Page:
This story is developing and will be updated.
Jerry Jeff Walker, a singer-songwriter who shaped the sound of Austin, Texas' country music scene, died on Friday (Oct. 23) at the age of 78, CNY News and Galleywinter report. No cause of death has been announced.
Born Ronald Clyde Crosby on March 16, 1942 in Oneonta, New York, the future Jerry Jeff Walker came of age around rock 'n' roll and the folk revival. After a stint with psychedelic rock band Circus Maximus, Walker flew solo with 1968 album Mr. Bojangles. Its title track remains one of Walker's best-known composition, due in part to the Nitty Gritty Dirt Band's 1970 version.
Walker relocated to Austin by the '70s. During his mainstream run with MCA and Elektra/Asylum, Walker elevated the work of his peers through covers of songs written by Guy Clark ("LA Freeway"), Ray Wylie Hubbard ("Up Against the Wall Redneck Mother"), Michael Martin Murphey ("Backslider's Wine") and Gary P. Nunn ("London Homesick Blues").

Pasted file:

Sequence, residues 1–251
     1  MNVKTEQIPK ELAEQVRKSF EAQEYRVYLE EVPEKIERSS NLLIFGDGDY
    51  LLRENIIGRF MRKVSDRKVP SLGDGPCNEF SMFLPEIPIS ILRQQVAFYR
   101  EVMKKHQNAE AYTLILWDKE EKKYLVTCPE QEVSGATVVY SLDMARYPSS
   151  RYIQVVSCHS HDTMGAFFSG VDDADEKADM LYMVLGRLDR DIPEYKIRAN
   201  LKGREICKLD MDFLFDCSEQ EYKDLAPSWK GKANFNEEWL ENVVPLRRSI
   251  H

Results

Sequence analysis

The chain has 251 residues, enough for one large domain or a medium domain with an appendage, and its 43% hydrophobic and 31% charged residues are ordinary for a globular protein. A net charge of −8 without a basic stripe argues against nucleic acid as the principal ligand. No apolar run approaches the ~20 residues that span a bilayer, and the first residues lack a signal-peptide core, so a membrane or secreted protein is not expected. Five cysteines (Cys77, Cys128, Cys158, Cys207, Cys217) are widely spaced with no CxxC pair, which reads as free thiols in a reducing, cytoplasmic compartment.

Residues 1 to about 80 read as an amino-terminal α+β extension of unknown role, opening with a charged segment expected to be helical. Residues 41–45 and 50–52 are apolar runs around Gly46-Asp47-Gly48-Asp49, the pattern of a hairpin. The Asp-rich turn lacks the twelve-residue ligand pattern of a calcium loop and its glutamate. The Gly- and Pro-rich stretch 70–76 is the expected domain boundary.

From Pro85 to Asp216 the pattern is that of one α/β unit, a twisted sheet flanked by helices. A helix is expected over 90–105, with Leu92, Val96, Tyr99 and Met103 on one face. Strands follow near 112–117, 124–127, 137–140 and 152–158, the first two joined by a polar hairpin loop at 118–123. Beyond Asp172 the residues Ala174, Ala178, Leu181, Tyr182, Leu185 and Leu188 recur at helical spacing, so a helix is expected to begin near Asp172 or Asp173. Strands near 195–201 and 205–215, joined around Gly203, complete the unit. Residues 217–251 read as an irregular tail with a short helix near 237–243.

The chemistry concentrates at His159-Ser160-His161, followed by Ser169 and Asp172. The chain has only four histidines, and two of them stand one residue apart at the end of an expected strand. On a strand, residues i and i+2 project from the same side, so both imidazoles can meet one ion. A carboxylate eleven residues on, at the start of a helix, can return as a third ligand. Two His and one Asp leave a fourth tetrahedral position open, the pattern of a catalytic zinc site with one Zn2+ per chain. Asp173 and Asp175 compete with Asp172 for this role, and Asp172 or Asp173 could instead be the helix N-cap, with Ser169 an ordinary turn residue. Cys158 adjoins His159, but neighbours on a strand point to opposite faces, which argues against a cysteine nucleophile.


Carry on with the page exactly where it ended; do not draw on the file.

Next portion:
Per his website, Walker "served as a fountainhead and inspiration to younger musicians such as Robert Earl Keen, Pat Green, Jack Ingram and a moderately successful country tunesmith named Garth Brooks."
Another contribution to Texas music and the country genre as a whole came as the 1973 live album Viva Terlingua. Recorded in Luckenbach, the album sums up the songwriting brilliance of Walker and his Lone Star State peers while showcasing The Lost Gonzo Band, a legendary backing band featuring Nunn.
Other selections from Walker's massive back catalog include a trio of Top 20 country albums: Ridin' High (1975), It's a Good Night For Singin' (1976) and A Man Must Carry On (1977). Later offerings issued by Walker's own Tried & True Music include Cowboy Boots and Bathing Suits (1998), which was recorded in Belize, and 2008's Moon Child.
Walker and his wife/manager Susan have a daughter named Jessie Jane and a son, fellow musician Django Walker.
For more on Walker's life and legacy, check out his memoir, Gypsy Songman.